Steph Martin

Stephanie Martin, a writer and editor in Colorado, has two teenage daughters.

Boston—Despite a difficult week, with tragedies in Boston and then Texas, Americans are focusing on generosity, unity, and hope. After Last week’s attack at the Boston Marathon finish line, local District Attorney Dan Conley said, “Moments like these, terrible as they are, don’t show our weakness; they show our strength.”

First responders—medical personnel and bystanders alike—ensured that victims were transported to hospitals quickly. Civilians offered comfort to badly injured victims. Some racers kept running to go donate blood. Local residents offered their homes and food to strangers. Most Americans seemed resolved to not let threats interfere with their daily lives.

On social media, two posts went viral, encouraging faith in humanity amid senseless tragedy. The first was by the late TV host Mr. Rogers, who said, “When I was a boy and I would see scary things in the news, my mother would say to me, ‘Look for the helpers. You will always find people who are helping.’”

The second was by comedian Patton Oswalt, who expressed frustration at the “mayhem” but pointed out that good people far outnumber the bad. “You watch the videos of the carnage, and there are people running toward the destruction to help out,” he wrote. “Like white blood cells attacking a virus, [the good people] dilute and weaken and eventually wash away the evildoers and, more importantly, the damage they wreak.”

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The family of a newlywed couple who each lost a leg in the attacks released a statement saying that although the bombings “shook our faith in humanity,” all the support they’re receiving restores it.

Dr. Joe Stavas, who helped with triage after running the marathon, described the difficult recovery ahead. “I see this like getting through a marathon, and we’re on Heartbreak Hill. This will be a long struggle, but I’m sure it will be overcome with more good Samaritans.”

Sources: bostonglobe.com, cnn.com, upi.com

Discussion Questions:

  • How does a week filled with such heavy, negative news leave you feeling? Does such violence destroy or restore your faith in your fellow humans? Explain. What perspective does such a difficult week offer you about your own life and trials?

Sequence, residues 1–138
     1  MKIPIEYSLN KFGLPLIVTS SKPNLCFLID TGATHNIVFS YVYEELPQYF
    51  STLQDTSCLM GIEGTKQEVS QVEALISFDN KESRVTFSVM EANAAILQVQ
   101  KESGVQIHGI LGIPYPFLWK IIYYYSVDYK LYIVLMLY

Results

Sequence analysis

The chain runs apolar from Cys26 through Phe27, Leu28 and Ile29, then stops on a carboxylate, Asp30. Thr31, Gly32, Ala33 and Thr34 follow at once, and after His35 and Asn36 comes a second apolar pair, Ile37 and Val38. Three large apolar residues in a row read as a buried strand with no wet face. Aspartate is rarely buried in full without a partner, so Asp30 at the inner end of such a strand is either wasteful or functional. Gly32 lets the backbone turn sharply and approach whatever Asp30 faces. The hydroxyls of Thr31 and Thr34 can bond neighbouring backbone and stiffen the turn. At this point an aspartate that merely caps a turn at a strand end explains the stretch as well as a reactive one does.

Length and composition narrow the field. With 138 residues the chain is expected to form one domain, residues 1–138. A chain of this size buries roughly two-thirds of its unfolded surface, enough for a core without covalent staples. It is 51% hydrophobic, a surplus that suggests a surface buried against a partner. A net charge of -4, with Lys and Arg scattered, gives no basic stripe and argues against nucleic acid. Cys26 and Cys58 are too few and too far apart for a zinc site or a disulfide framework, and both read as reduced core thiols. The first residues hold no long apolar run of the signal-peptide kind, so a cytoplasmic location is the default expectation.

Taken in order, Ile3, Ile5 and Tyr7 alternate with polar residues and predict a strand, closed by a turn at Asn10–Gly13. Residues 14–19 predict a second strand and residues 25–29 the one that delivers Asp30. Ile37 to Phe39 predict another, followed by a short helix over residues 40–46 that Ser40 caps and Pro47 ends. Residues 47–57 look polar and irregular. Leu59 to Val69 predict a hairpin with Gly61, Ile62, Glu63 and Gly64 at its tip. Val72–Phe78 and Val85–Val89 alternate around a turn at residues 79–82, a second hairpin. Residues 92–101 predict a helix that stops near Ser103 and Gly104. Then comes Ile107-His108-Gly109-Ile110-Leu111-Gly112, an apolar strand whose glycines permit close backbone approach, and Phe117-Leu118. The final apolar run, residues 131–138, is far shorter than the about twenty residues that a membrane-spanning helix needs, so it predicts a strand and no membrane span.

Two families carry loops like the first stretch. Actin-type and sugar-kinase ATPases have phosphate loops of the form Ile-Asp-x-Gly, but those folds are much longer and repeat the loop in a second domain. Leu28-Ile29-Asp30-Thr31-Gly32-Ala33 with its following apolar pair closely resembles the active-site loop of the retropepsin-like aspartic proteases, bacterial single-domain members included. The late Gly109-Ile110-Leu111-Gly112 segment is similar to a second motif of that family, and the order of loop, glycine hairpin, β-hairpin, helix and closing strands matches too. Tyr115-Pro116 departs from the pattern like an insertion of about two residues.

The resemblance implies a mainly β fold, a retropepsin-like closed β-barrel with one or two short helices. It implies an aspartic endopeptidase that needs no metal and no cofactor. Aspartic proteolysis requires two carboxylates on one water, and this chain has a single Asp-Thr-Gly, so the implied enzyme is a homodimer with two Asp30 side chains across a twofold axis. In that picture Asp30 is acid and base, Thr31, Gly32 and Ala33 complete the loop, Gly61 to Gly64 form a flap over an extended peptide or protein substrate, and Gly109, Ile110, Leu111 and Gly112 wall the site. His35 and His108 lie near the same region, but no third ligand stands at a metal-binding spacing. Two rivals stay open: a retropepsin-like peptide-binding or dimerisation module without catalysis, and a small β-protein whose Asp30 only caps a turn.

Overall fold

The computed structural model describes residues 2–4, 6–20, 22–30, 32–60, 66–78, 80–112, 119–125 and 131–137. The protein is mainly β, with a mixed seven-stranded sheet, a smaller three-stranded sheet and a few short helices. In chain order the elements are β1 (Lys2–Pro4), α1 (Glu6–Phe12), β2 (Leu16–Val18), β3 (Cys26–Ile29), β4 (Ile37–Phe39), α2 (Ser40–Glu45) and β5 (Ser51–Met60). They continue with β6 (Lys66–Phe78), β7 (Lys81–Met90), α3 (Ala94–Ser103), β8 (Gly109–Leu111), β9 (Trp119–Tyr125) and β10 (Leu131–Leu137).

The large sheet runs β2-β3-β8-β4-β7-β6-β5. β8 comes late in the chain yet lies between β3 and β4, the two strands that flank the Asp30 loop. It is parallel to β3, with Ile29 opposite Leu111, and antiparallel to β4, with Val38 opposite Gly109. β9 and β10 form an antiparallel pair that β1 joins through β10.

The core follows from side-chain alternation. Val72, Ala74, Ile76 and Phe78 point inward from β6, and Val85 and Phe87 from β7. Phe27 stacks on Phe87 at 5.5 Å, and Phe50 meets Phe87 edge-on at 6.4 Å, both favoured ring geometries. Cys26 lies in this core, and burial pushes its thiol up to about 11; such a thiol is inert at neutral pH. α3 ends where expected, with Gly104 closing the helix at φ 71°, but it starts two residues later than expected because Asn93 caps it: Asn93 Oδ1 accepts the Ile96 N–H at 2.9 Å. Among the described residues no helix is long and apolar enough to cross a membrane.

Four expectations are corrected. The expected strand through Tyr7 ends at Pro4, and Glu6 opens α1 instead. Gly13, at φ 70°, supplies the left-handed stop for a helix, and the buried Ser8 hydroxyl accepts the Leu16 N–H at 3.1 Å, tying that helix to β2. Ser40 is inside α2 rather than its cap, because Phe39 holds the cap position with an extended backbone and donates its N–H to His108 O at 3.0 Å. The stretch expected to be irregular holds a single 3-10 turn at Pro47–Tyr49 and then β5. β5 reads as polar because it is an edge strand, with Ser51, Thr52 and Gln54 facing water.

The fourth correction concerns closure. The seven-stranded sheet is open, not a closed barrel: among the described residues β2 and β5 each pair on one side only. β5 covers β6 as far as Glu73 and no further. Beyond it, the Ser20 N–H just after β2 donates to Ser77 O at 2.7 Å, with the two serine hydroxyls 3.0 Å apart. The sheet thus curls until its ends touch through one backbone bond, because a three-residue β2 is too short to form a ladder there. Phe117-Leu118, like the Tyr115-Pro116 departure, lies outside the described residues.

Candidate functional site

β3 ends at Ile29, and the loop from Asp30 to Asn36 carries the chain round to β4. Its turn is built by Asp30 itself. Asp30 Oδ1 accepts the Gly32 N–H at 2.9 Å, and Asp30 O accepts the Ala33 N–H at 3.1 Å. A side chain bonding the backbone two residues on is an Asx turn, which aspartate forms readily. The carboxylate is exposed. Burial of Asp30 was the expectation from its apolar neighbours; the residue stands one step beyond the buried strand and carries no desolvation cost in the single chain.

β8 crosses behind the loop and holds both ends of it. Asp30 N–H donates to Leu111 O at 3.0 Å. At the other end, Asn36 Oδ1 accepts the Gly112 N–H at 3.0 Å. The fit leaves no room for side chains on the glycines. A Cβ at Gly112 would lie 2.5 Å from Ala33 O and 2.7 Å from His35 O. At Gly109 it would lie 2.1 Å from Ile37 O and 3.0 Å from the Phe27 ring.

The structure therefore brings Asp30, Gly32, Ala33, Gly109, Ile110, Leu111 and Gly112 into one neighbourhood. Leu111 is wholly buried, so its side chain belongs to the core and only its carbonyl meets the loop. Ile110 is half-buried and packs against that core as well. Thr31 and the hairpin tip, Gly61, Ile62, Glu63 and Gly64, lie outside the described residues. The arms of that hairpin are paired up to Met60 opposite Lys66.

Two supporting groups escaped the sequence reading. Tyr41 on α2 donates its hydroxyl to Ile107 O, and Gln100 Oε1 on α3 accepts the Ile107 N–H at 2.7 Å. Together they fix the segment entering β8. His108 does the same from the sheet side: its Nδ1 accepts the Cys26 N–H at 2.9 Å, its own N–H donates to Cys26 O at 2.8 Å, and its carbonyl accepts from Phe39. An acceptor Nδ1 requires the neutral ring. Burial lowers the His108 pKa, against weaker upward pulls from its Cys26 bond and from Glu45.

• Why do you suppose such tragedies tend to unite Americans—at least for a while? Why do horrible experiences seem to bring out the best in people? Does that mean we should welcome trials and tribulations despite the pain they inflict? Why or why not?


  • What type of mindset does it take to be willing to run toward danger instead of away from it? How do you think you’d react in a situation such as the bombings, and why? To what extent should people consider their own safety when other people need assistance?


  • What type of “helpers” do you turn to when life is a struggle? To what extent do you try to be a helper to individuals who are hurting? What risks and rewards have you experienced from getting involved with strangers’ lives?


  • In your opinion, are people inherently evil and selfish? Explain. Do you agree there are more good people than bad in our world? Why or why not? How might we be able to lessen the effects of evil among us?


  • In what ways is our earthly life like a marathon? How can you keep running, even when life knocks you down? How can you finish the race strong and win the crown?

Scripture links: Joel 2:25-27; Acts 4: 32-35; Romans 1:28-32; Philippians 4:8-9; 2 Timothy 4:6-8; and 1 John 5:1-5.

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